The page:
Be on my side, I'll be on your side: teachers' perceptions of teacher-student relationships

L. Claessens

Research output: ThesisPhd Thesis 4 Research NOT TU/e / Graduation NOT TU/e)

Abstract


The quality of teacher–student relationships is important for teacher job satisfaction. High quality relationships have been described as warm and open; in these relationships the teacher creates a structured environment with clear expectations whilst simultaneously conveying a message of empathy and mutual respect. Low quality relationships on the other hand, are characterized by high conflict and discordance between teacher and student and described by teachers as disrespectful, distant, or conflictual. More insight in how teachers experience teacher–student relationships can improve our understanding of teachers’ relational needs. However, in literature, these studies are underrepresented, particularly in the case of secondary school teachers. In the four studies presented in this dissertation, we have explored secondary school teachers’ perceptions of teacher–student relationships. In order to conceptualize these perceptions, we made use of relational schema theory. Relational schemas can be regarded as mental maps of relationships with individuals which are activated when interacting with another person, guide attention towards specific aspects of these interactions and thus guide subsequent behaviour. Throughout the studies in this dissertation, our main research question was: what cognitions constitute teachers’ relational schemas of teacher–student relationships? Relational schemas consist of a schema of the other (in these studies, the student), a schema of the self (in these studies, the teacher), and scripts (if-then expectancies on how interactions will proceed). Our research shows that, when comparing teachers’ relational schemas of positive and problematic relationships, especially accounts of the other schema differ. In these other schemas, student characteristics that proved most different were student agreeableness, student social characteristics (influence on peers and interest in the teacher), student motivational qualities (being motivated in during the lesson and being interested in the subject), and student behaviour in terms of friendliness. Other differences in teachers’ descriptions of positive and problematic relationships concerned location of the interactions and topic of talk; interactions in problematic relationships took place mostly during lesson time and concerned mainly student misbehaviour, interactions in positive relationships more often took place outside of the classroom and covered a wide range of topics. When comparing relational schemas of beginning teachers to those of experienced teachers, we found two underlying dimensions on which teachers’ relational schemas could differ: (1) relationships ranged from either revolving around the teacher to revolving around the student, and (2) relationships ranged from either having a formal character to having a personal character. On the first dimension we found clear differences between beginning teachers and experienced teachers; in beginning teachers’ narratives, the teacher’s goals, thoughts and feelings took central stage, in experienced teacher’s narratives the student’s goals, thoughts and feelings were most prominent. Results from these studies show that teachers have different relational needs and can inform practice on how to create environments in which these needs can be met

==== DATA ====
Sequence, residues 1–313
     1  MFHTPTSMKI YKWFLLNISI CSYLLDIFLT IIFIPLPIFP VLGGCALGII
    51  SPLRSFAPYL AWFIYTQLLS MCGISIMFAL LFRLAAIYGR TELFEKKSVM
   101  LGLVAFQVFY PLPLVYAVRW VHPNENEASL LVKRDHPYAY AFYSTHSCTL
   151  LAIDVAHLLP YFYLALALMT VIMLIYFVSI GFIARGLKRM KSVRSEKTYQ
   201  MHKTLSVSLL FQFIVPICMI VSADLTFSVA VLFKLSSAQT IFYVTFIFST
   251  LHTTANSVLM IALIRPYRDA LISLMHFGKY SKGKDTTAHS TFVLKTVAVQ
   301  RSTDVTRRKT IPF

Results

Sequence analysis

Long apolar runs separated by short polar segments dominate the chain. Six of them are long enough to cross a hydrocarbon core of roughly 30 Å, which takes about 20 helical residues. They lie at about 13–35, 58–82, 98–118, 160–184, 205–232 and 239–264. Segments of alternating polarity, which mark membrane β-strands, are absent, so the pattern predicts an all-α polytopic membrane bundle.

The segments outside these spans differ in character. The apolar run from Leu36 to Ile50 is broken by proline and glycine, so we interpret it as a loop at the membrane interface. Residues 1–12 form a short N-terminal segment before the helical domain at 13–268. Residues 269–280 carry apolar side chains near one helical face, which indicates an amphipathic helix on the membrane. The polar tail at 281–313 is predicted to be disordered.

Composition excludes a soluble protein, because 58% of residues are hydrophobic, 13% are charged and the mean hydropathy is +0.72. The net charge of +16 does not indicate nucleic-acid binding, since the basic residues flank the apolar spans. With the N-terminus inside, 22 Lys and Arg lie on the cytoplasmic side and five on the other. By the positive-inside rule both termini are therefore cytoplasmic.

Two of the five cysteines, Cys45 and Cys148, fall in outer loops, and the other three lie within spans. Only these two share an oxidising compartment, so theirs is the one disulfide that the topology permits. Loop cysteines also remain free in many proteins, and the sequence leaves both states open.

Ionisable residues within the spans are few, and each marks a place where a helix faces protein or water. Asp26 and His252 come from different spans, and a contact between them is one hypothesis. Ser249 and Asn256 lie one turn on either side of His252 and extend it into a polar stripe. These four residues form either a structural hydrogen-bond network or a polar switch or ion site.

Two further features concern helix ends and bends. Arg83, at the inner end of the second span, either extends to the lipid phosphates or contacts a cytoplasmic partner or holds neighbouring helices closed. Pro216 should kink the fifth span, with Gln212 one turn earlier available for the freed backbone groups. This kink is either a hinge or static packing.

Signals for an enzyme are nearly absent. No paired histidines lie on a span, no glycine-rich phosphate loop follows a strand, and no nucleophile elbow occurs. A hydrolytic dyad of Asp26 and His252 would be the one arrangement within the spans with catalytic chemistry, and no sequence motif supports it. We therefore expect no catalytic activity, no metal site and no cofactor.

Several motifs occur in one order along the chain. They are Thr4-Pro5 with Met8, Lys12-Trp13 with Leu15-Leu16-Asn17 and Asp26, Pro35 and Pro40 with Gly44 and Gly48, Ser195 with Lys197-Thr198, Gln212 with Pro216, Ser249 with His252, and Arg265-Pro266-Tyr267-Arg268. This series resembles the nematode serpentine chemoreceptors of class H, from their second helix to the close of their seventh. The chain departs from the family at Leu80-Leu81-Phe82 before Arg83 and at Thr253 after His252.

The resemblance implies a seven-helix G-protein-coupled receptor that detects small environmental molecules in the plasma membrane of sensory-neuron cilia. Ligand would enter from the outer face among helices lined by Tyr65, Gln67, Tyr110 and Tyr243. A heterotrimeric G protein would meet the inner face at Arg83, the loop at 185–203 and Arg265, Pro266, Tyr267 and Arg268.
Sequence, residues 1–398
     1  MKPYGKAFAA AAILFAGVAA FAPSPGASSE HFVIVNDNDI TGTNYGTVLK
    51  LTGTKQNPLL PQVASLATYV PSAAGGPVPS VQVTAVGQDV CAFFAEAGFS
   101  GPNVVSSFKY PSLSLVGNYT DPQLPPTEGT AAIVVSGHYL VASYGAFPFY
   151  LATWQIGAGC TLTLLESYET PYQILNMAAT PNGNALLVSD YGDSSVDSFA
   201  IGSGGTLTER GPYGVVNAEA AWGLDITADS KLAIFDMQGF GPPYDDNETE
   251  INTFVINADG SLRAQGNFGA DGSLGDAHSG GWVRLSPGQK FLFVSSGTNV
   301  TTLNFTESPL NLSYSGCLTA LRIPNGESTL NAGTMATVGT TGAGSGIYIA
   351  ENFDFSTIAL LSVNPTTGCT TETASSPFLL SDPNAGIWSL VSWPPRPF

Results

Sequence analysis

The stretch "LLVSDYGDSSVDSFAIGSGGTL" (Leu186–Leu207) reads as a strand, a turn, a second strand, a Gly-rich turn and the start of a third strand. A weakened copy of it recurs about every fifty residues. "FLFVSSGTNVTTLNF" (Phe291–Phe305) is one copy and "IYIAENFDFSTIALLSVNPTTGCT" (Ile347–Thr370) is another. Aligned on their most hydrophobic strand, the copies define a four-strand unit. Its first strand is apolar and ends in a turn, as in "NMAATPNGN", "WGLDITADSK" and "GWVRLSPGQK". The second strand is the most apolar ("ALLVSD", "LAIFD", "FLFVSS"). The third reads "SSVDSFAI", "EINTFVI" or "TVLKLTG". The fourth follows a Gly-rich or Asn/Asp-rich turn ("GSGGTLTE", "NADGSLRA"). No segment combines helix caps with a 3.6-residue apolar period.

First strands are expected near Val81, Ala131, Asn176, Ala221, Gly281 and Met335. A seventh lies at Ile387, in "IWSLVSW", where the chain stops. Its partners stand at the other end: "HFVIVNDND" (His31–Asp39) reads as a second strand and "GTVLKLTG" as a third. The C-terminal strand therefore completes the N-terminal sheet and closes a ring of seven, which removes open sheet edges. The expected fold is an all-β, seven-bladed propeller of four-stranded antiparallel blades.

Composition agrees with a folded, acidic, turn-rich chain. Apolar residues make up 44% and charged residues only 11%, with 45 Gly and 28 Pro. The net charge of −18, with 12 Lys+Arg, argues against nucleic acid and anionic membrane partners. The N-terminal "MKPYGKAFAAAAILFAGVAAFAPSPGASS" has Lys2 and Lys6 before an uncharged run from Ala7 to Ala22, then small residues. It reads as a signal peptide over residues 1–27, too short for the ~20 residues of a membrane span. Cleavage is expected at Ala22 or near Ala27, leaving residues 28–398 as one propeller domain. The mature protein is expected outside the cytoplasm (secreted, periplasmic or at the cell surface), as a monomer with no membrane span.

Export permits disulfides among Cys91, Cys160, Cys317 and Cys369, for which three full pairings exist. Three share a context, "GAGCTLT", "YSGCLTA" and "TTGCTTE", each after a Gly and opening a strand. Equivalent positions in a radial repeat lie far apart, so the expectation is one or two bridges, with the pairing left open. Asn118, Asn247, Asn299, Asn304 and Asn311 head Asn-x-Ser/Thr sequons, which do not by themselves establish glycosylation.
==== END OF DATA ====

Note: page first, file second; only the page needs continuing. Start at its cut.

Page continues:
Original languageEnglish
QualificationDoctor of Philosophy
Awarding Institution
  • Utrecht University
Supervisors/Advisors
  • van Tartwijk, Jan W.F., Promotor, External person
  • Wubbels, Theo H., Promotor, External person
  • Verloop, Nico, Promotor, External person
  • den Brok, P.J., Copromotor
Award date30 Sep 2016
Place of PublicationUtrecht
Publisher
Print ISBNs978-90-393-6632-5
Publication statusPublished - 30 Sep 2016
Externally publishedYes

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